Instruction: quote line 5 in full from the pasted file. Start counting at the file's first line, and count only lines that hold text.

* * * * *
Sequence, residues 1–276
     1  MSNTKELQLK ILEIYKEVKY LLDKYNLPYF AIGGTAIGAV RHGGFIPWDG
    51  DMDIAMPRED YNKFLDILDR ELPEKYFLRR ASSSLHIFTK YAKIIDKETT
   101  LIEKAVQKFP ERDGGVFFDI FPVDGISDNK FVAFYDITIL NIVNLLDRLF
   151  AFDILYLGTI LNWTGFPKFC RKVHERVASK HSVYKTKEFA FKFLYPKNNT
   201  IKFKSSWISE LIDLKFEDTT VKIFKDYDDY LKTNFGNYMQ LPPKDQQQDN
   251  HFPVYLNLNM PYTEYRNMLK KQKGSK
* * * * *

   151  AFDILYLGTI LNWTGFPKFC RKVHERVASK HSVYKTKEFA FKFLYPKNNT